So I wept much, because no one was found worthy to open and read the scroll, or to look at it.
Breakfast turned to brunch, and I stumbled into a mostly empty place for coffee and eggs, sat at the bar, and noticed the altar of enticing bottles still covered in a sheet of plastic. The wait staff looked miserable, all of them, and they apparently worked as models in their other lives. They all had the same look, both male and female - tall, too thin, vaguely sick, mostly blond, something miserable about their eyes. My order - an incredibly overpriced Greek omelet and weak coffee - was apparently not high on their list of priorities, nor was getting me out of there when I had finished. The tip I left was proportionately miserable. I almost left a note of explanation with it.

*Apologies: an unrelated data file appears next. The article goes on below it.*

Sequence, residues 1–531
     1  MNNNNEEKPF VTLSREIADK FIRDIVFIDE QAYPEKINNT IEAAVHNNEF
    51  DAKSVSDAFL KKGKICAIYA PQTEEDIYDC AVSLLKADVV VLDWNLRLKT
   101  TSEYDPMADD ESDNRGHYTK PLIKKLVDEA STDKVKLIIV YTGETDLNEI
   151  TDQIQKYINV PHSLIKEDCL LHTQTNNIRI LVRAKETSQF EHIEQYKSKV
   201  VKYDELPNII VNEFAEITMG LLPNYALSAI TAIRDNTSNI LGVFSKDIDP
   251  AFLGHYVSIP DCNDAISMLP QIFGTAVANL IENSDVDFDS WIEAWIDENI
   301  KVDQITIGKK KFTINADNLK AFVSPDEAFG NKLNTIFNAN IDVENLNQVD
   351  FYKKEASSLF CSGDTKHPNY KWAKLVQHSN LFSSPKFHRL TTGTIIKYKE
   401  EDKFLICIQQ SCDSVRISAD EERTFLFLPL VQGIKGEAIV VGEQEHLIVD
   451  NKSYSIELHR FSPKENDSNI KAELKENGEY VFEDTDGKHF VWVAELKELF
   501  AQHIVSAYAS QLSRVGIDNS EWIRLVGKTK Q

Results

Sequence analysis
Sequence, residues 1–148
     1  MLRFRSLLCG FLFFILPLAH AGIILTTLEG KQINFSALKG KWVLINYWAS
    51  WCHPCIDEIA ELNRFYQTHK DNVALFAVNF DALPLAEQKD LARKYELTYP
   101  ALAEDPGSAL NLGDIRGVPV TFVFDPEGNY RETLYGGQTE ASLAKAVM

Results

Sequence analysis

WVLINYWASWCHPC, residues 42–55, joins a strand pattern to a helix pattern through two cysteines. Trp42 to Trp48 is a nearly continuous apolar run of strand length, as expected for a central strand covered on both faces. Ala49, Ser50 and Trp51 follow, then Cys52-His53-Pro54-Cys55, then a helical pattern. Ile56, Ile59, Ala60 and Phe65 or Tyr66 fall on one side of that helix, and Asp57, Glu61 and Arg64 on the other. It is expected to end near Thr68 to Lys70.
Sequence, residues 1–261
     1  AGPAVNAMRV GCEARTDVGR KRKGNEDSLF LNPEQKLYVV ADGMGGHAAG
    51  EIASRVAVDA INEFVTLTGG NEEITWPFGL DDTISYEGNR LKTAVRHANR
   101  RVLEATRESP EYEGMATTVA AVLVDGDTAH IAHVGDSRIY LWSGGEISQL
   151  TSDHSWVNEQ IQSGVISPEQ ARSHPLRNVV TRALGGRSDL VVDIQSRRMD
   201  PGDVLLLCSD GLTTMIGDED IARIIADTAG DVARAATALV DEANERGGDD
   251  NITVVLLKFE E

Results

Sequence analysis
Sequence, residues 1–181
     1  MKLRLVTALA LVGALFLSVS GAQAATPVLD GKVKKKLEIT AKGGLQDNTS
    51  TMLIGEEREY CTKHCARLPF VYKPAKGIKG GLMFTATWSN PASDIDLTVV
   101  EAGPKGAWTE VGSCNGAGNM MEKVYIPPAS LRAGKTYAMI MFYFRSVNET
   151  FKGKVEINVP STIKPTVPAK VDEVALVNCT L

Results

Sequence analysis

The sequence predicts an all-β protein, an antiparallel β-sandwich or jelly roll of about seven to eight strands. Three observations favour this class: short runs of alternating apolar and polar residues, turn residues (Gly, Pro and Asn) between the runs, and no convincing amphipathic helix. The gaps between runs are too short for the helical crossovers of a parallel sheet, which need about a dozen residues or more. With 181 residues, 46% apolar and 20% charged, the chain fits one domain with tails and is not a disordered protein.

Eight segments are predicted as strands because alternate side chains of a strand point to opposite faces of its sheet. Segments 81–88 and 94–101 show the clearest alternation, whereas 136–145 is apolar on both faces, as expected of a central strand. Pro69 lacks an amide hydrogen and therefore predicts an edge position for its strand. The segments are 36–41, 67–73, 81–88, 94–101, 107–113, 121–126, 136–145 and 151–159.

None here shall be spared.
I walked on. The soulful feeling I had earlier in the morning is gone now replaced by a broadening anger. Everyone is suddenly too cool, too precious. Sickening. Insufferable. And I can't help but think that it's this very phenomenon that drives us when we hope for the end of the world. Some tiny personal disappointment, or a lifetime's worth, magnified, and the resulting negative reaction is over-generalized. A minor transgression against the ego and what, Apocalypse?
Is it the same for You? I ask this with only the vaguest sense of who I'm talking to and then seek shelter in the nearly deserted streets behind New York University.